• Market is more fragmented than stock market, but more liquid than art and antiques markets
    • Price lists are published weekly and monthly
    • Grading specifications aid sales
    • Wide spread between bid and ask prices
  • 65. Diamonds
    • Can be illiquid
    • Grading determines value, but is subjective
    • Investment-grade gems require substantial investments
    • No positive cash flow until sold
    • Costs of insurance, storage, and appraisal
  • 66. Historical Risk-Returns on Alternative Investments
      • World Portfolio Performance
      • Reilly and Wright (2004) examined the performance of various investment alternatives from the United States, Canada, Europe, Japan, and the emerging markets for the period 1980-2001
  • 67. Reilly and Wright’s 2004 Study
    • Asset Returns and Total Risk
      • The expected relationship between annual rates of return and total risk (standard deviation) of these securities was confirmed
  • 68. Reilly and Wright’s 2004 Study
    • Return and Systematic Risk
      • The systematic risk measure (beta) did a better job of explaining the returns during the period than did the total risk measure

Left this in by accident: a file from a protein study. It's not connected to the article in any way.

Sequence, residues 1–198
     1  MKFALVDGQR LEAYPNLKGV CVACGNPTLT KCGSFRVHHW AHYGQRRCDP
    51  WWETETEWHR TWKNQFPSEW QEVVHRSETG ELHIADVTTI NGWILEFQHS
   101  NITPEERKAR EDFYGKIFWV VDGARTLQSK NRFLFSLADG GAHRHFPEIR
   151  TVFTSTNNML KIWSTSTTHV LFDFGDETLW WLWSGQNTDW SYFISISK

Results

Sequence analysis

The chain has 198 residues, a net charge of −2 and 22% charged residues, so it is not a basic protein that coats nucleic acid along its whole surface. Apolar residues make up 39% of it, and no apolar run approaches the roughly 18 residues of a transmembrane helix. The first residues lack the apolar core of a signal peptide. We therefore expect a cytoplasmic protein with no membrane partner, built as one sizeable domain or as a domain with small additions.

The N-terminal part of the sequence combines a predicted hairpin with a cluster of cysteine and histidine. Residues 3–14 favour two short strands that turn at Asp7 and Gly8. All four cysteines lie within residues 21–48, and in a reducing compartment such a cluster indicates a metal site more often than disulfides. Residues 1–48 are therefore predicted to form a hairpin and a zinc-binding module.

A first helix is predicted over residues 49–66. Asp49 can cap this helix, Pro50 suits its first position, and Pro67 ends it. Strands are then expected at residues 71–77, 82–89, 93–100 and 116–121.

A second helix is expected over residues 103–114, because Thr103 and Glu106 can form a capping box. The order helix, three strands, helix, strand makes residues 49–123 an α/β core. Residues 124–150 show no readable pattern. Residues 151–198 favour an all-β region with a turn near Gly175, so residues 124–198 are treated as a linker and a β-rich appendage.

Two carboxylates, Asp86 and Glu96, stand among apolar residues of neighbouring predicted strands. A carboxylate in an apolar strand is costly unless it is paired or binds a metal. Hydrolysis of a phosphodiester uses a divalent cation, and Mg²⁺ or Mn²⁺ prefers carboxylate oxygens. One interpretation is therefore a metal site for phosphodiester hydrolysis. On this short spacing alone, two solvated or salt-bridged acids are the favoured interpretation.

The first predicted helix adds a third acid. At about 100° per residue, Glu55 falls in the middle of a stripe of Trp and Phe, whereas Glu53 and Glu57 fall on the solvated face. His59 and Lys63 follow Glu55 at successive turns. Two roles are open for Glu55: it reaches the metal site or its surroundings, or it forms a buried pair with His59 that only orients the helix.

• The beta risk measure that used the Brinson index as a market proxy was somewhat better than the beta that used the S&P 500 Index
  • 69. Reilly and Wright’s 2004 Study
    • Correlations between Asset Returns
      • U.S. equities have a reasonably high correlation with Canadian and U.K. stocks but low correlation with emerging market stocks and Japanese stocks
      • U.S. equities show almost zero correlation with world government bonds, except U.S. bonds
  • 70. Art and Antiques
    • Market data is limited
    • Results vary widely, and change over time, making generalization impossible, but showing a reasonably consistent relationship between risk and return
    • Correlation coefficients vary widely, allowing for great diversification potential
    • Liquidity is still a concern
  • 71. Real Estate
    • Returns are difficult to derive due to lack of consistent data
    • Residential shows lower risk and return than commercial real estate
    • During some short time periods REITs have shown higher returns than stock with lower risk measures
    • Long term returns for real estate are lower than stocks, and have lower risk
  • 72. Real Estate
    • Negative correlation between residential and farm real estate and stocks
    • Low positive correlation between commercial real estate and stocks
    • Potential for diversification
  • 73. The Internet Investments Online
  • 74.
    • Appendix Chapter 3
      • Covariance and Correlation
  • 75. Covariance
    • absolute measure of the extent to which two sets of numbers move together over time
  • 76. Covariance
  • 77. Correlation
    • relative measure of a given relationship
  • 78. Correlation
  • 79. Future topics Chapter 4
    • Organization of markets
    • Functioning of security markets
    • Trading systems